The cathedral is as interesting outside as it is in, so walk the circumference of the church exploring the exterior before you go inside. Faced with white, pink, and green marble, Florence?s Duomo is the fourth largest in Europe.

Note how Brunelleschi set the bricks between the marble ribs of the dome in a herringbone pattern, He borrowed this technique, which makes the dome self supporting, from the Pantheon in Rome.

There are three apses at the east end of the cathedral, each crowned with a smaller dome. The chapels there have stained glass windows designed by Ghiberti.

The 276-ft. Campanile was designed by Giotto and is decorated with reliefs by Andrea Pisano, who completed the Campanile following Giotto?s death. These reliefs are copies -- the originals are in the Museo dell?Opera del Duomo.

Inside the church, you?ll see the highlights by looking up, or down. The intricate, inlaid floors were designed in the 16th-century by Baccio d?Agnola and Francesco da Sangallo. Stand beneath the dome and look up at the recently restored fresco of the "Last Judgement" by Vasari and Zuccari. It has to be the largest Renaissance painting.

Brunelleschi is buried in the Duomo, and Giotto?s tomb may be in the Campanile.

When you?re ready, you can climb either the dome or Giotto?s tower for sensational views of Florence and the Tuscan countryside. We recommend climbing the Campanile. It?s 50 fewer steps, it?s less crowded, and from there, you can take pictures of the dome.

In front of the main entrance to the Duomo, you?ll find the Baptistry which is the oldest building in Florence, dating from the 11th century.

In 1401, the leading artists of the Renaissance, including Donatello and Jacopo della Quercia, competed to design the doors for the Baptistry, which were commissioned to celebrate Florence?s deliverance from the plague.

Ghiberti won the commission for the North Doors and spent 21 years working on them before starting the East Doors, which Michelangelo called the "Gate of Paradise." The south doors were designed by Andrea Pisano.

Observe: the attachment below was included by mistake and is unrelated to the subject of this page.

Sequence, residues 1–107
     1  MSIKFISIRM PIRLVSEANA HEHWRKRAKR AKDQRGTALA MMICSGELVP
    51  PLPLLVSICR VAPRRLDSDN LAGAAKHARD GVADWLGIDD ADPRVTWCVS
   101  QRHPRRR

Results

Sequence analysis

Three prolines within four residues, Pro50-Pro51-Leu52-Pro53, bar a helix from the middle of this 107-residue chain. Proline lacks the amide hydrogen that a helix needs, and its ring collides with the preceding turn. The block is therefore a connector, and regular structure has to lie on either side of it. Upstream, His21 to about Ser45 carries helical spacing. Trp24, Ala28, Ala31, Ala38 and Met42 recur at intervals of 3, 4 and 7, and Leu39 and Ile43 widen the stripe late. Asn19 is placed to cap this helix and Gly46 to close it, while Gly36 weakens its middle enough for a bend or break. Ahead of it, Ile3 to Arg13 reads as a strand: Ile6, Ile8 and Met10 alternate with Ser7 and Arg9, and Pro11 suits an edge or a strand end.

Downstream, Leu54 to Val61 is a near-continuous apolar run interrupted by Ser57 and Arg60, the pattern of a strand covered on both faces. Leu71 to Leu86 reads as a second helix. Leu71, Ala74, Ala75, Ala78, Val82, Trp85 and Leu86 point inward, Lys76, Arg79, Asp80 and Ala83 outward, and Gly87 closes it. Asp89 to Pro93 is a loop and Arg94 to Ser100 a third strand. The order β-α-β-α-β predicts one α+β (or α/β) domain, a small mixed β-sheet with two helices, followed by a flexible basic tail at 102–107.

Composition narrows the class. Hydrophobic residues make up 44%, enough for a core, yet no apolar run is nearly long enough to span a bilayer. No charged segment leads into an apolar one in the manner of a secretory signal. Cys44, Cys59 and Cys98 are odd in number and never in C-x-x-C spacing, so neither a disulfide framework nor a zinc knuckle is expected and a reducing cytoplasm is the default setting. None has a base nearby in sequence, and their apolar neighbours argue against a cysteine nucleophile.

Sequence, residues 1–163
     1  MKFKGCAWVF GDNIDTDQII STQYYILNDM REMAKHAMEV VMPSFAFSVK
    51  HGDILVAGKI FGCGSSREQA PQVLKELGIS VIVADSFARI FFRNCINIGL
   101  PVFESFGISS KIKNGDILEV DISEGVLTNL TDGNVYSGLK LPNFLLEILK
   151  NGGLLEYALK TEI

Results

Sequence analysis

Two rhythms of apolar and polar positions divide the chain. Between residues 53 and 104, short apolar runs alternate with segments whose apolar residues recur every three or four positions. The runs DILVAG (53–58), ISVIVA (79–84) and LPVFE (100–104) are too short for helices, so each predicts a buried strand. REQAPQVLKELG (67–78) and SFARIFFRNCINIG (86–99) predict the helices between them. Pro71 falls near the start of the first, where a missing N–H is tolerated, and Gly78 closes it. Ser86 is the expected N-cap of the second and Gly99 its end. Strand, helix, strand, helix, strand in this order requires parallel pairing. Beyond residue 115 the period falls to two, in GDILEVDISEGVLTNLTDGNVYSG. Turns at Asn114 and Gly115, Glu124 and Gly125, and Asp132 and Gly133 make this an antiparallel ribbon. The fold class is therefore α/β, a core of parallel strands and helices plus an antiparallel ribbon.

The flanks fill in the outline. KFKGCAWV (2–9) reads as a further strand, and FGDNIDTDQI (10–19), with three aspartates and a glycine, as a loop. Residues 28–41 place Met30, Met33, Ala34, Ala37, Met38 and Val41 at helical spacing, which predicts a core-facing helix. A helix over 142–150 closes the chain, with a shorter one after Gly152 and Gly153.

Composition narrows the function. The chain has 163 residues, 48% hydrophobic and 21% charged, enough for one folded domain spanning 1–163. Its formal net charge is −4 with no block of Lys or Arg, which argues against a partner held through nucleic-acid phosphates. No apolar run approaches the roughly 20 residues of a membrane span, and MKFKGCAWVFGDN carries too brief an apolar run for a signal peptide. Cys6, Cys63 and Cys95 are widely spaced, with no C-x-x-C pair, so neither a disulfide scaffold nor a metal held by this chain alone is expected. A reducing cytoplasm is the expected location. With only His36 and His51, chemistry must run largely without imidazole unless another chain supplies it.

The superb East Doors contain ten gold-leafed panels depicting Old Testament scenes from the "Expulsion from the Garden" to "Solomon and the Queen of Sheba." The originals are now in the Museo dell?Opera del Duomo.

Inside the Baptistery, there?s a 13th-century mosaic of the "Last Judgement" decorating the ceiling. Dante and other Renaissance luminaries were baptized here.

After you?ve toured the Baptistry, walk back past the Duomo to the Museo dell?Opera del Duomo, which contains the original sculpture from the cathedral, the Campanile, and the Baptistry.

The museum also has interesting exhibits detailing the construction of the cathedral and its magnificent dome.

When you?re tired, walk to Piazza della Repubblica. Once the site of the Roman Forum, the Piazza was the home of Florence?s food market until the 1860s. Today, it?s a popular meeting place for Florentines and lively day or night. There?s a plant market here on Thursday mornings.

Find a café on the piazza that strikes your fancy, order a glass of wine, and enjoy watching the world go by. When you?re ready for dinner, several of Florence?s best restaurants have tiny trattorias that serve a limited menu for a fraction of the cost charged in the main dining room. Cibreo and alle Murate are two good examples.

Other good choices include Taverna del Bronzino, Osteria del Caffe Italiano, or Trattoria Sostanza.

Florence isn?t exactly known for its nightlife, so take a stroll, have a nightcap at any place appealing, and turn in early.

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Day 2 - Santa Croce/Piazza della Signoria
Have breakfast at your hotel this morning, or assemble it at the Mercato di Sant?Ambrogio, Florence?s least touristy food market.

Then walk to the Basilica di Santa Croce. Many of the great thinkers of the Renaissance are buried here, including Michelangelo, Galileo, and Macchiavelli. The church contains sculpture by Donatello, a fantastic Crucifixion by Cimabue, and frescoes by Giotto and Gaddi.

The Pazzi Chapel, which is in Santa Croce?s cloister, was deigned by Brunellsechi and decorated with rondels by Luca della Robbia.

Those who enjoy the work of Michelangelo may want to visit Casa Buonarate a few blocks away. Michelangelo bought the house for his nephew, whose son turned it into a museum. In was restored in 1964 and today it contains some sculpture, models, and drawings by the Renaissance genius.

If you?re ready for a snack, Gelateria Vivoli on Via Isola delle Stinche has the best ice cream in Florence, maybe the best in Italy.

Head back toward the Duomo on Via dell?Anguillara to Piazza di San Firenze and turn right to the Bargello, Florence?s other great fine arts museum. The building dates from 1255 and was one of Italy?s first museums when it opened in 1865. Today, the museum is best known for its superb collection of Renaissance sculpture.